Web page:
No more parsing story text! New fields on stories!

api
stories
#1

Hey everyone, we have a new feature to announce! It’s less of a feature, though, and more of a plethora of new fields on stories. A while back, we added the resource_subtype fields in our API to objects like tasks and custom fields. Stories also got this treatment, which some of you may have noticed, but we decided to take it a step further. Instead of just providing the subtype of the story, we now also provide a bunch of extra relevant data as new, structured fields!

Here’s an example of a “due date changed” story in the API before:

{
  "id" : 1110484817449237,
  "gid" : "1110484817449237",
  "created_at" : "2019-02-19T21:59:21.704Z",
  "created_by" : { ... },
  "resource_type" : "story",
  "target" : { ... },
  "text" : "changed the due date to February 21",  // Ew, nobody wants this
  "type" : "system"  // Not helpful in the slightest
}

If you wanted to know that this story means that someone changed a due date, you’d have to parse the text field. If you wanted to know what the due date was set to, you’d also have to parse the text field and have to infer what year is supposed to be. If you wanted to know the old due date, well… you’d be out of luck.

With the new fields we’ve added, this story will now look like a lot better:

{
  "id" : 1110484817449237,
  "gid" : "1110484817449237",
  "created_at" : "2019-02-19T21:59:21.704Z",
  "created_by" : { ... },
  "resource_type" : "story",
  "resource_subtype" : "due_date_changed"  // Unambiguous!
  "target" : { ... },
  "text" : "changed the due date to February 21",  // You don't have to touch this!
  "new_dates" : {
    "due_on" : "2019-02-21",  // A standard format!
    "due_at" : null,
    "start_on" : null
  },
  "old_dates" : {
    "due_on" : "2019-02-15",  // Information you didn't have before!
    "due_at" : null,
    "start_on" : null
  }
}

There are over 30 different subtypes of stories, and below you’ll find a comprehensive list of what they are, what they mean (if it’s not immediately obvious), and what extra fields they have on them. The outer-most level of the list below is the subtype of story, and the bullets beneath that are the fields it has. Note that (with the exception of resource_subtype) these new fields are not included by default on stories, and you’ll need to use opt_fields to select them. Special thanks to @Sasha_S and @Kevin_Quicho for doing the heavy lifting on this project!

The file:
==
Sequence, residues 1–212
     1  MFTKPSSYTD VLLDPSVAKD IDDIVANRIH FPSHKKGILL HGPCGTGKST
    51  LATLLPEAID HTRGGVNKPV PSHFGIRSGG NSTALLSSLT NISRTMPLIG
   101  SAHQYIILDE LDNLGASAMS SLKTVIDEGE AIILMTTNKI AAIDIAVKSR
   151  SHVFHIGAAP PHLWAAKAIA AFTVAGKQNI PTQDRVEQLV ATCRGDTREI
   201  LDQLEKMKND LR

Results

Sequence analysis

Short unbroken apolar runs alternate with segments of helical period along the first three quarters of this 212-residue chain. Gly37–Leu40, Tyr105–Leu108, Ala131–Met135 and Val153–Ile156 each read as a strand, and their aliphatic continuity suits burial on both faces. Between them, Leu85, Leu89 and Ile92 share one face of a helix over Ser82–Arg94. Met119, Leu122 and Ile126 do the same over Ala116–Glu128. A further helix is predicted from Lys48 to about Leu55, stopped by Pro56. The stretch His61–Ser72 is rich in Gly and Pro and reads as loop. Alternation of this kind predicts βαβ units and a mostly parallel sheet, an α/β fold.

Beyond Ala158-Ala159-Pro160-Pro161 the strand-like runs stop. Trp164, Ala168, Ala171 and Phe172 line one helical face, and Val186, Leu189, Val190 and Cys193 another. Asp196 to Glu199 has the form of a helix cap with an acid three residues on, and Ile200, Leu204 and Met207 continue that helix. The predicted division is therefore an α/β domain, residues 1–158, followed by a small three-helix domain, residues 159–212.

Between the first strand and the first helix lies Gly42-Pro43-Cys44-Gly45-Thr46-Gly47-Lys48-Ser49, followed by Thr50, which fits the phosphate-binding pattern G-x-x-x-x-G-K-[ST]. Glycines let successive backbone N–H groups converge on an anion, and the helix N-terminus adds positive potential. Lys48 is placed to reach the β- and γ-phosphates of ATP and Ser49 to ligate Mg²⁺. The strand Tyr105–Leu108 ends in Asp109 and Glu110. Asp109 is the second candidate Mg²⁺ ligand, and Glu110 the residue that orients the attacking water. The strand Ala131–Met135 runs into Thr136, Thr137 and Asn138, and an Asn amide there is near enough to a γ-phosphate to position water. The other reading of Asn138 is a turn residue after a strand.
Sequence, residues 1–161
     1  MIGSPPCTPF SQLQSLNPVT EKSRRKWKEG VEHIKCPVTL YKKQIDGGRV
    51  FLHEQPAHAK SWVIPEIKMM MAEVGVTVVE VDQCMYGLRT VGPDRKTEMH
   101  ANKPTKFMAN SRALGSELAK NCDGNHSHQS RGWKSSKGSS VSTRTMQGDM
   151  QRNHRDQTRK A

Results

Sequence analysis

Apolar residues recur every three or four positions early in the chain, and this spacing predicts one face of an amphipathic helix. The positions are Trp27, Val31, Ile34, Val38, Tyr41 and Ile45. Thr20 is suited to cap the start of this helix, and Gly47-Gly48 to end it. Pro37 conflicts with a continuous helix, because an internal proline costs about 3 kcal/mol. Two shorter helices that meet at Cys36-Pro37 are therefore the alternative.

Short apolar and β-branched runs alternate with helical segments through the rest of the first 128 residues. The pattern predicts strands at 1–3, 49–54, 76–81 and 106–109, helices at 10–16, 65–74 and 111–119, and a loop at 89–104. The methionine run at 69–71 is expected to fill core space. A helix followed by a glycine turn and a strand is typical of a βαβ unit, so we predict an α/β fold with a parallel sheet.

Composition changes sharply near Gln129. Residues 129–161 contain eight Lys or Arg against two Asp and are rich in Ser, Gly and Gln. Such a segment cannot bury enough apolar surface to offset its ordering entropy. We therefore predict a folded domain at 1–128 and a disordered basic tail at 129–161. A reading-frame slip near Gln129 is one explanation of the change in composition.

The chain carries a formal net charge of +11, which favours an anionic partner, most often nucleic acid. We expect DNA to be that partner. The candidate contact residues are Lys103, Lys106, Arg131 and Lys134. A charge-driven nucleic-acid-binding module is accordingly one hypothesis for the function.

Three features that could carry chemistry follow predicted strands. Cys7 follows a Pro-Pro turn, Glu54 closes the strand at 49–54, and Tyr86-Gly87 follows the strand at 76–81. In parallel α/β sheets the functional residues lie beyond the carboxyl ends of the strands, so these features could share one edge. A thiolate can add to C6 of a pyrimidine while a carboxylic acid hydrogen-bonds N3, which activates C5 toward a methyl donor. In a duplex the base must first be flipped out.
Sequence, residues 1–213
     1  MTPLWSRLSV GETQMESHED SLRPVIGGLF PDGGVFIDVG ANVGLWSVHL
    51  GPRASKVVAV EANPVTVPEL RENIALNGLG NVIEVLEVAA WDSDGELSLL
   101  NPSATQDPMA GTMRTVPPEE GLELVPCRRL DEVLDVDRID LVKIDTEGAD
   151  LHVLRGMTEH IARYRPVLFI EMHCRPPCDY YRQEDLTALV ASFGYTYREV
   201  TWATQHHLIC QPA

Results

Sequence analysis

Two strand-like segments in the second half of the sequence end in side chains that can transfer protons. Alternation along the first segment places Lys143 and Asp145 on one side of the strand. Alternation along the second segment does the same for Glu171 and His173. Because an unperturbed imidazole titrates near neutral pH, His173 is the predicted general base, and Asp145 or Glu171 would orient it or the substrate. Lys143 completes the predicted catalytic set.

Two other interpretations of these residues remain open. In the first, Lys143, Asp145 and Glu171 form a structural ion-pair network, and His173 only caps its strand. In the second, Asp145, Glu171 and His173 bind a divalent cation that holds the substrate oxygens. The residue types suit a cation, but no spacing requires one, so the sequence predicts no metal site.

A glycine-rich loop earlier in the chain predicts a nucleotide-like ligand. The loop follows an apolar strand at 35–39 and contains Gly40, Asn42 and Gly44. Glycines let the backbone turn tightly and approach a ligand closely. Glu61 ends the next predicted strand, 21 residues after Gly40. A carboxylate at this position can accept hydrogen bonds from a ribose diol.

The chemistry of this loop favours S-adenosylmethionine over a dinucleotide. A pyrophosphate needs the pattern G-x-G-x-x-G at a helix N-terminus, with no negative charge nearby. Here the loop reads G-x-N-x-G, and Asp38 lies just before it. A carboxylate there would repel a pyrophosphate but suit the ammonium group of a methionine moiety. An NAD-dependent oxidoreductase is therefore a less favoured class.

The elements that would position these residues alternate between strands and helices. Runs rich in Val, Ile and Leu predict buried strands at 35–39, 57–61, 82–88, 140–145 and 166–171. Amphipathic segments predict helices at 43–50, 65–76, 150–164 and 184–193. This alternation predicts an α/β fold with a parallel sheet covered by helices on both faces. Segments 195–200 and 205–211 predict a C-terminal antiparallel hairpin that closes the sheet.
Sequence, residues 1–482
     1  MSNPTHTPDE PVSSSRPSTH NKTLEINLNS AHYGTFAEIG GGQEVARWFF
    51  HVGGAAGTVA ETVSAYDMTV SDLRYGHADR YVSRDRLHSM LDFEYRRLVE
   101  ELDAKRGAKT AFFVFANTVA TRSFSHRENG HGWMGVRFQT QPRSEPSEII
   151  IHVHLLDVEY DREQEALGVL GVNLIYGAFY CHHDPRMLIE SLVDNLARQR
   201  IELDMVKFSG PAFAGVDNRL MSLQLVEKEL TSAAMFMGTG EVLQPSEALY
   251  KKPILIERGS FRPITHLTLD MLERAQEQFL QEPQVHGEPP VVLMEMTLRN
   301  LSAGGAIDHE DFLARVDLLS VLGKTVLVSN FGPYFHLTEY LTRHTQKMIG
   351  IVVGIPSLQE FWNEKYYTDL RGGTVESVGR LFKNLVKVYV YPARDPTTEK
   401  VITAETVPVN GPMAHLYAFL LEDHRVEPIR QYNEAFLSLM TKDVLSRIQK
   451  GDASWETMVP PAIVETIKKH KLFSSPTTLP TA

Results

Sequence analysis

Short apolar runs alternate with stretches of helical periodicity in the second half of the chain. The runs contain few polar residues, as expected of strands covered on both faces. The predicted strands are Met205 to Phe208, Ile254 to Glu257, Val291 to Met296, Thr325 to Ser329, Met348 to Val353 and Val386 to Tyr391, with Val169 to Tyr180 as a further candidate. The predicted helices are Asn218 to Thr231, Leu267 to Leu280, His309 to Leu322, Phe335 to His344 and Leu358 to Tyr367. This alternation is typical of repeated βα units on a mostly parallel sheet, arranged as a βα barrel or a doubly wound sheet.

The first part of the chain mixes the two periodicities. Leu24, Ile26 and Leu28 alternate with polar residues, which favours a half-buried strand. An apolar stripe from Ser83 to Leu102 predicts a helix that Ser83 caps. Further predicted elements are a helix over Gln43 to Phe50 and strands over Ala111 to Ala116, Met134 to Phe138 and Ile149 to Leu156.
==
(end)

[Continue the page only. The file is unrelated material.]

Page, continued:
Basic changes

  • name_changed
    • old_name and new_name
  • notes_changed - the task description was changed
  • due_date_changed
    • old_dates and new_dates - objects with the old/new values, containing:
      • start_on
      • due_on
      • due_at
  • marked_today - the assignee marked this task for today
  • marked_complete
  • marked_incomplete
  • resource_subtype_changed - used when a task is converted to a milestone or vice versa
    • old_resource_subtype and new_resource_subtype - the old and new subtypes

Comments and likes

  • liked
  • comment_added
  • comment_liked
    • story - the comment story that was liked
  • attachment_added
  • attachment_liked
    • attachment - the attachment that was liked
  • completion_liked
    • story - the completion story that was liked

People

  • assigned
    • assignee - the new assignee
  • unassigned
  • follower_added
    • follower - the user that was added as a follower

Moving and reorganization

  • section_changed
    • old_section and new_section - the section the task was moved into (either may be null)
  • added_to_task and removed_from_task - this task was added/removed as a subtask of another task
    • task - the task that this one was added to/removed from
  • added_to_project and removed_from_project
    • project - the project this task was added to/removed from
  • added_to_tag and removed_from_tag
    • tag - the tag it was added to/removed from

Custom fields

  • text_custom_field_changed